Memory usage in nginx proxy setup and use of min_uses
lucas at lucasrolff.com
Mon May 17 19:33:43 UTC 2021
> - The attack you are considering is not about "poisoning". At most, it can be used to make the cache less efficient.
Poisoning is probably the wrong word indeed, and since nginx doesn't really handle reaching the limit of keys_zone, it simply starts to return a 500 internal server error. So I don't think it's making the cache less efficient (Other than you won't be able to cache that much), you're ending up breaking nginx because when the keys_zone limit has been reached, nginx simply starts returning 500 internal server error for items that are not already in proxy_cache - if it would do an LRU/LFU on the keys - then yes, you could probably end up with a cache less efficient.
But as it stands currently, if one uses $request_uri an attacker could reach the keys_zone limit, and break all traffic that is not yet cached.
Even if one would not use $request_uri, but some specific argument where a query string that wouldn't directly affect the output, it could cause the same behavior.
An application where avoiding this is hard, is CDNs for example - while ideally one would not use $request_uri as the cache key, it's sometimes required by customer applications.
> At most, you can try to limit the number of keys an attacker will be able to put into keys_zone
If we take an example of a CDN or any kind of reverse proxy; What impact would it have to have a proxy_cache_path for each domain? Lets say we're talking 10000 domains on a single nginx server. Normally one would share one or a couple (fast/slow storage for example), and the domain would be a part of the cache key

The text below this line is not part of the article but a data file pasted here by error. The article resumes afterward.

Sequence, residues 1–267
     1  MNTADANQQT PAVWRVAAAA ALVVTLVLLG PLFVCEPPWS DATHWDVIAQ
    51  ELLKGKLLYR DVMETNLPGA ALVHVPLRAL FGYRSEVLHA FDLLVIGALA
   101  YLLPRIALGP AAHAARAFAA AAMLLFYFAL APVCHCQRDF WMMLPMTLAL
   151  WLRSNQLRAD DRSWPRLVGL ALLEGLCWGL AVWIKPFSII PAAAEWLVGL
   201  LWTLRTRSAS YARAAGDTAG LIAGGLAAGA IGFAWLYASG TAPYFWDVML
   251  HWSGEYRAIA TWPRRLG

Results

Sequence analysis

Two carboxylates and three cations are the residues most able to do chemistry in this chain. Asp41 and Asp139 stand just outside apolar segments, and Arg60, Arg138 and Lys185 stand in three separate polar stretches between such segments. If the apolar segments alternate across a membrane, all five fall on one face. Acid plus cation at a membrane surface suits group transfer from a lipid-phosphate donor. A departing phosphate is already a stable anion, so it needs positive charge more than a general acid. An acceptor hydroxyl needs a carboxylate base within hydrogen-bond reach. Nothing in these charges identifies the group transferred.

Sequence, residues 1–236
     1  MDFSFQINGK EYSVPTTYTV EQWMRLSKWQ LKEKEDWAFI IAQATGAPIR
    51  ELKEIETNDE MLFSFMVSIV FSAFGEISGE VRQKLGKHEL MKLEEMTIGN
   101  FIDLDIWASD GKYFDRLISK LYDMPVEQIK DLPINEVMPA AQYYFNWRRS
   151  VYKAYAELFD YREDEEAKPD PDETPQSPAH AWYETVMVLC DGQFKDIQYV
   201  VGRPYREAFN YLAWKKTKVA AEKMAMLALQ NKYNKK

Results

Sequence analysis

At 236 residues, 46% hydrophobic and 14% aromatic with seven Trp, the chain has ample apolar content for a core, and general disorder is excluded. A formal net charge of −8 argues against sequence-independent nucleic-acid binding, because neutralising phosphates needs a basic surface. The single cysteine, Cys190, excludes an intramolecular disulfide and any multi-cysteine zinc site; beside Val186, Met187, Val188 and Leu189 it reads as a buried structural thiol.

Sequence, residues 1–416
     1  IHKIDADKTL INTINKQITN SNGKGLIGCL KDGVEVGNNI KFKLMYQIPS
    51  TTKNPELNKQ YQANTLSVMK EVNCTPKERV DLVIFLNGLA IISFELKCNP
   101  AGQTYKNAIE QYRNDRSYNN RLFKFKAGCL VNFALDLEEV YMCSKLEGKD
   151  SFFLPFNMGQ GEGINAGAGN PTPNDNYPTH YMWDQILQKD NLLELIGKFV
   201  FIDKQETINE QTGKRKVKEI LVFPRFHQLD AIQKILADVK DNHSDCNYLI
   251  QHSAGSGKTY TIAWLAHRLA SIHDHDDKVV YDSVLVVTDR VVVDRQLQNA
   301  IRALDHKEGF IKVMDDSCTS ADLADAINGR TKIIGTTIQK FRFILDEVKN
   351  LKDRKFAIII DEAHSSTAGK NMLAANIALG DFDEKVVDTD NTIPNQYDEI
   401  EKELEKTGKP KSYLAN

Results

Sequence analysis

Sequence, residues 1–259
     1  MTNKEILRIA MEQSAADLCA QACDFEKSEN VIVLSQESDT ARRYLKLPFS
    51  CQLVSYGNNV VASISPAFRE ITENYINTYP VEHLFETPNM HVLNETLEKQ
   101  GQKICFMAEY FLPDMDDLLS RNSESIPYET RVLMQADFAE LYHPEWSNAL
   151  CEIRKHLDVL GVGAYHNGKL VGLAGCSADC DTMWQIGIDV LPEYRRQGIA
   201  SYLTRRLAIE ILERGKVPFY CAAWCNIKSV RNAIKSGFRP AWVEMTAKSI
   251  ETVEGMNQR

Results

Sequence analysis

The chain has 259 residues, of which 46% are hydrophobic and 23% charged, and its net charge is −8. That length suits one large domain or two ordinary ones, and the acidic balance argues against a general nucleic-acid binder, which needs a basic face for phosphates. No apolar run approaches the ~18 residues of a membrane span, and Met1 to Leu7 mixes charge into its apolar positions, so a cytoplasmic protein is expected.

If we want to limit (per domain), it would require a proxy_cache_path per domain - which surely would be very flexible, but I also think you're then asking nginx to do a lot more management.
> But using separate inactive timer for keys not reached min_uses won't help here: an attacker who is able to do arbitrary amount of requests will be able to flush all cache items anyway.
Unless nginx very recently implemented that reaching keys_zone limit, will start purging old cache - then no, it would still break the nginx for non-cached requests (returning 500 internal server error). If nginx has started to purge old things if the limit is reached, then sure the attacker would still be able to wipe out the cache.
But let's say we have an "inactive" set to 24+ hours (Which is often used for static files) - an attack where someone would append random query strings - those keys would first be removed after 24 hours (or higher, depending on the limit) - with a separate flag, one could set this counter to something like 60 seconds (So delete the key from memory if the key haven't reached it's min_uses within 60 seconds) - this way, you're still rotating those keys out *a lot* faster.
> In particular, this can be done with limit_req
If we'd limit this to 20 req/s, this would allow a single IP to use up 1.78 million keys in the keys_zone if "inactive" is 24 hours - do this with 10 IPs, we're at 17.8 million.
If we'd flush the keys not reaching min_uses after 1 minute, we'd limit the keys in the keys_zone per IP to 1200 - the attacker can surely keep doing his 20 requests per second, but since we're throwing out things, pretty quickly, we've decreased the "damage" a user can do from 1.78 million keys down to 1200 keys, or even 12000 keys if we'd keep it for 10 minutes.